On Oct. 23, the College of Nursing held its annual Margaret C. Haley Awards ceremony, which honored four graduates who made a positive impact in nursing and healthcare professions.
Dr. Marie Foley, dean of the College of Nursing, explained what it meant to be honored at the Margaret C. Haley Awards ceremony.
“The legacy of the SHU College of Nursing is the nurses who have dedicated their work to a very noble profession and who live the Mission of Seton Hall University in their daily lives,” Foley wrote in an email. “One of the program outcomes in the College of Nursing is to educate our students to be servant leaders, these men and women are engaged in the world and have a desire to collaborate to promote the common good of their patients, families and communities. To provide these awards to the recipients is to show what exemplary servant leaders they have become as they make SHU College of Nursing proud,” she continued.
Dr. Mary Meehan, Seton Hall interim president, explained the honor that each of the women brings to their profession.
“I worked for over 20 years in the healthcare field and I know well why nurses are consistently ranked as the number one most trusted professional in the country,” Meehan wrote in an email. “These four awardees epitomize why we all trust and respect nurses more than anyone else. ”
Catherine Alicia Georges received the George J. Hebert Award at the ceremony.
She is the President-Elect of AARP, the President of the National Black Nurses Foundation and the chairperson of both the Department of Nursing at Lehman College and the Graduate Center of the City University of New York.
Georges described what it was like to attend Seton Hall from 1961-1965 and to witness the social issues occurring at the time.
“It was a time of unrest as population groups fought for their civil rights and equity,” Georges wrote in an email. “The lesson I learned was that Seton Hall and its students at that time were committed to people in this country having their human rights honored,”
Georges expressed that current nursing students should take advantage of the benefits of the relationships that they can develop while attending Seton Hall.
“Develop relationships with a variety of people during your time at Seton Hall,” she urged. “Make the challenges you encounter opportunities for learning and professional and personal improvement. Be sure to always find joy in your work.”
Sister Ellen Farrell, a pediatric nurse practitioner at the Franktown Community Health Center, was awarded the Nelson Aquino Humanitarian Award.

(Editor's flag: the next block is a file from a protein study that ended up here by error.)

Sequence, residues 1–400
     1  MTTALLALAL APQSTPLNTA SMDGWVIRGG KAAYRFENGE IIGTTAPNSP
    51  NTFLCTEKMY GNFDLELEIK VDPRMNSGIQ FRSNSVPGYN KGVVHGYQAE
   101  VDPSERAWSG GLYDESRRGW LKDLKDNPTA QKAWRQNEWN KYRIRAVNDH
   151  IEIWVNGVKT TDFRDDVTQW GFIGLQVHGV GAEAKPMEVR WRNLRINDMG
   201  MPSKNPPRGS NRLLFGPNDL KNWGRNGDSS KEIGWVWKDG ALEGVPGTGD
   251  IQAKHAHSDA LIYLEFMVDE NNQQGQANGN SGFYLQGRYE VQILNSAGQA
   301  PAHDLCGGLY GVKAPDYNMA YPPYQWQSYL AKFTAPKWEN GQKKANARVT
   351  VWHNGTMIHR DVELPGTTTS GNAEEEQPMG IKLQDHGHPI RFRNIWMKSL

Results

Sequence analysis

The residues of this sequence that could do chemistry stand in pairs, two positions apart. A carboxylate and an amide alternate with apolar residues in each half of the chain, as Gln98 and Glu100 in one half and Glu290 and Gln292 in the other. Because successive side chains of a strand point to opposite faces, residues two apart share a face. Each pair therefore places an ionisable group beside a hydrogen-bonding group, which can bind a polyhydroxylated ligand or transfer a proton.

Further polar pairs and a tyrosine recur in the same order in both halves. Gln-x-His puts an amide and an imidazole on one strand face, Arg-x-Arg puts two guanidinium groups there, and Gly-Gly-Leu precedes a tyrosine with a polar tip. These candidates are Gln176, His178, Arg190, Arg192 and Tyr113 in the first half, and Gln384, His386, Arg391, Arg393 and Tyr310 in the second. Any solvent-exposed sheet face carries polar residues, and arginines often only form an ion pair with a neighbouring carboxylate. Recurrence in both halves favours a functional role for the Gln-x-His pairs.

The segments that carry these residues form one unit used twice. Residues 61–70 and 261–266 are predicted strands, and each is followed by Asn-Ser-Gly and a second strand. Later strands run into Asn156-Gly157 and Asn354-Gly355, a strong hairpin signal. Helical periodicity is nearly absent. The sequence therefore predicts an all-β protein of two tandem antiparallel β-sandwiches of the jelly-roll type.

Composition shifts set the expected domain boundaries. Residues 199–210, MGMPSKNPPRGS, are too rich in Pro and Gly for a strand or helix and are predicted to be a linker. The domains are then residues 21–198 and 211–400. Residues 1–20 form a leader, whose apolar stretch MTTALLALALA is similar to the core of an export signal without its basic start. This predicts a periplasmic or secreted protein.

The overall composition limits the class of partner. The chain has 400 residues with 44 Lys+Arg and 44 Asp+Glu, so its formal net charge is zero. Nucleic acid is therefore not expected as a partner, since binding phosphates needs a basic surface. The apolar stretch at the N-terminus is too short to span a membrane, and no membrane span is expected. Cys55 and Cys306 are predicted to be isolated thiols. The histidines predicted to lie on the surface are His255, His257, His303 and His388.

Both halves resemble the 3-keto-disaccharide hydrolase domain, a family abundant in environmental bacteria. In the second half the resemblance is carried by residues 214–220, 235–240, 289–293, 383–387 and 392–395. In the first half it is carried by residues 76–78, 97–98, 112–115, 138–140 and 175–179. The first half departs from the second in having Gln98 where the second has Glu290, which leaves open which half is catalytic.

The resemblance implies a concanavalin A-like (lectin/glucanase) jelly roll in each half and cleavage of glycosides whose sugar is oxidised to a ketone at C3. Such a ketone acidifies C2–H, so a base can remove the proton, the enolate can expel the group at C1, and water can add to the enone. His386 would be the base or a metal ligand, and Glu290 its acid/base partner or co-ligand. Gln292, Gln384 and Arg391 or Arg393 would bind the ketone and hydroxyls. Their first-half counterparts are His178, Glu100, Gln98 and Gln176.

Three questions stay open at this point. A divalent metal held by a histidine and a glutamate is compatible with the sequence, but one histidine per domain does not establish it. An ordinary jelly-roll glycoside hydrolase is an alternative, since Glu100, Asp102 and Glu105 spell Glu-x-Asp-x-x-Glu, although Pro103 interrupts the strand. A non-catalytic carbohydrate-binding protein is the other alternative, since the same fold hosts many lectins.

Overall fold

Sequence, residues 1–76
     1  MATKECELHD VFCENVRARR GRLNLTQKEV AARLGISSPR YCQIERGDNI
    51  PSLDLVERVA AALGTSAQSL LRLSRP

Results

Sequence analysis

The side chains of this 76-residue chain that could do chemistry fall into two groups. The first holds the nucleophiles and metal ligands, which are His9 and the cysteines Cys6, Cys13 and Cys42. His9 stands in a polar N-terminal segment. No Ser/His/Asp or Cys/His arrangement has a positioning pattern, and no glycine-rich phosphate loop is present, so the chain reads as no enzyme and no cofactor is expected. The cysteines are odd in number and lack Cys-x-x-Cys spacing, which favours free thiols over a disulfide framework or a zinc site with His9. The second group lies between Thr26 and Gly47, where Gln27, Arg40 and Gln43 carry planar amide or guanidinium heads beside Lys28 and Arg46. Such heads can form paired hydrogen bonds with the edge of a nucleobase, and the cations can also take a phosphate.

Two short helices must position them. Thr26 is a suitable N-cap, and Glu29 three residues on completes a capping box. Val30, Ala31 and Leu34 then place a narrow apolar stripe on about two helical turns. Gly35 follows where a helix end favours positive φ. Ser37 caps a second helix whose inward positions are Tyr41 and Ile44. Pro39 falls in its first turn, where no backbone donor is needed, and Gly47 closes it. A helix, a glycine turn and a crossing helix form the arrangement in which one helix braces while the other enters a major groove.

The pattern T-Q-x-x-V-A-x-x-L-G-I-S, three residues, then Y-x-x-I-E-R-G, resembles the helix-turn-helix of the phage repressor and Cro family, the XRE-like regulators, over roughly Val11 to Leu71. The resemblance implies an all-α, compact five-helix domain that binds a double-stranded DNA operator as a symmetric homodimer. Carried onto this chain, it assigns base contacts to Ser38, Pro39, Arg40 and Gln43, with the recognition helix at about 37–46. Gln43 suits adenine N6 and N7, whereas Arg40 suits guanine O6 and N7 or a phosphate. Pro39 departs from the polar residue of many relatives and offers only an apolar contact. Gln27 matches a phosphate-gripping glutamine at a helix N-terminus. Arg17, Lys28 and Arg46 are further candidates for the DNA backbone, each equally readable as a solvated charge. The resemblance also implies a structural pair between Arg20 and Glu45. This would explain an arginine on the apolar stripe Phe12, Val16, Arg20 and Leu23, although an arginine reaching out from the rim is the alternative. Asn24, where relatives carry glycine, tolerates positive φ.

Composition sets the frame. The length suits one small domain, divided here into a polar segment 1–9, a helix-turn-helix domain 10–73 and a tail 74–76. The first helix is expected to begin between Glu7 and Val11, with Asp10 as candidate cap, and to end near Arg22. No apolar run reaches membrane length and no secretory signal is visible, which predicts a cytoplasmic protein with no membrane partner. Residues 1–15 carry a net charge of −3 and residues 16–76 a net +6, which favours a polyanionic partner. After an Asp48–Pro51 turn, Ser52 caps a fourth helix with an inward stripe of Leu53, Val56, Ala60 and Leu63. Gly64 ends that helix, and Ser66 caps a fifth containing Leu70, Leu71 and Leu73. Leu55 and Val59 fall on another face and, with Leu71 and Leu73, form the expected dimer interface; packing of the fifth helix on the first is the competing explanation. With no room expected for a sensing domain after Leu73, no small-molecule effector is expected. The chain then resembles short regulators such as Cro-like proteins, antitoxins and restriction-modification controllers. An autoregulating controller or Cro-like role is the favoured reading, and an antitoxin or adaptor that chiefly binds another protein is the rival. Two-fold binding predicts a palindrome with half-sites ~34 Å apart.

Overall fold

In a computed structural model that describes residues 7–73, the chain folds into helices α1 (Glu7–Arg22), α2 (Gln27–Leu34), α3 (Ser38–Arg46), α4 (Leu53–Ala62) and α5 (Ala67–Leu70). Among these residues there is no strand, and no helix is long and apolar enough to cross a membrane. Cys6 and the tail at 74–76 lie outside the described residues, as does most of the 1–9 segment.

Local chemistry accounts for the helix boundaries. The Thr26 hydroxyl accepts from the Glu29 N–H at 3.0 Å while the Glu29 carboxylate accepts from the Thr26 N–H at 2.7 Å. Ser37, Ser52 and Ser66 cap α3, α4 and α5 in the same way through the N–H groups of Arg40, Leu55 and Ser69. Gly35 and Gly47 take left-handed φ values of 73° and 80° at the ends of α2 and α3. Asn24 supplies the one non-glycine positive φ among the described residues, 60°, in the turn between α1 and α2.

Farrell shared why she pursued her Bachelor of Science degree in Nursing at SHU in 1964. During this time, she balanced her first job as a pediatric head nurse with attending classes at Seton Hall because earning a Bachelor of Science degree was becoming an integral part of the nursing profession at this time.
Dr. Trish O’Keefe, president of the Morristown Medical Center, received the Margaret C. Haley Award. O’Keefe credits the College of Nursing for helping her to dedicate time for her work, but also for her family and friends.
“At Seton Hall, I learned the importance of organizing your time to complete a task, a commitment or an assignment,” she wrote in an email. “We all have such busy lives — balancing work, school and family life.”
O’Keefe discussed how valuable it is for nursing students to create opportunities for themselves to bond with their professors and classmates. She mentioned that the relationships will benefit the students not only in their undergraduate years, but beyond.
“You can achieve anything you set your mind to with commitment, balance and resilience,” she said. “Times will get difficult with so many moving parts in our world and our lives, but stay ‘your’ course and commit.”
Also honored at the Margaret C. Haley Awards Ceremony was Heather Heil Linsalata, M.S.N. ‘12, an emergency room nurse at the Morristown Medical Center and the Saint Joseph Regional Medical Center Emergency Room. Linsalata received the Elizabeth Ann Seton Young Alumni Award.
Foley said that the College of Nursing encourages its students to embody the qualities the recipients have from the very beginning of their college careers.
“Through the examples of our dedicated faculty our students begin to understand, internalize and emulate the qualities on their individual journeys to become servant leaders,” she said.
Kaitlyn Quinn can be reached at email@example.com.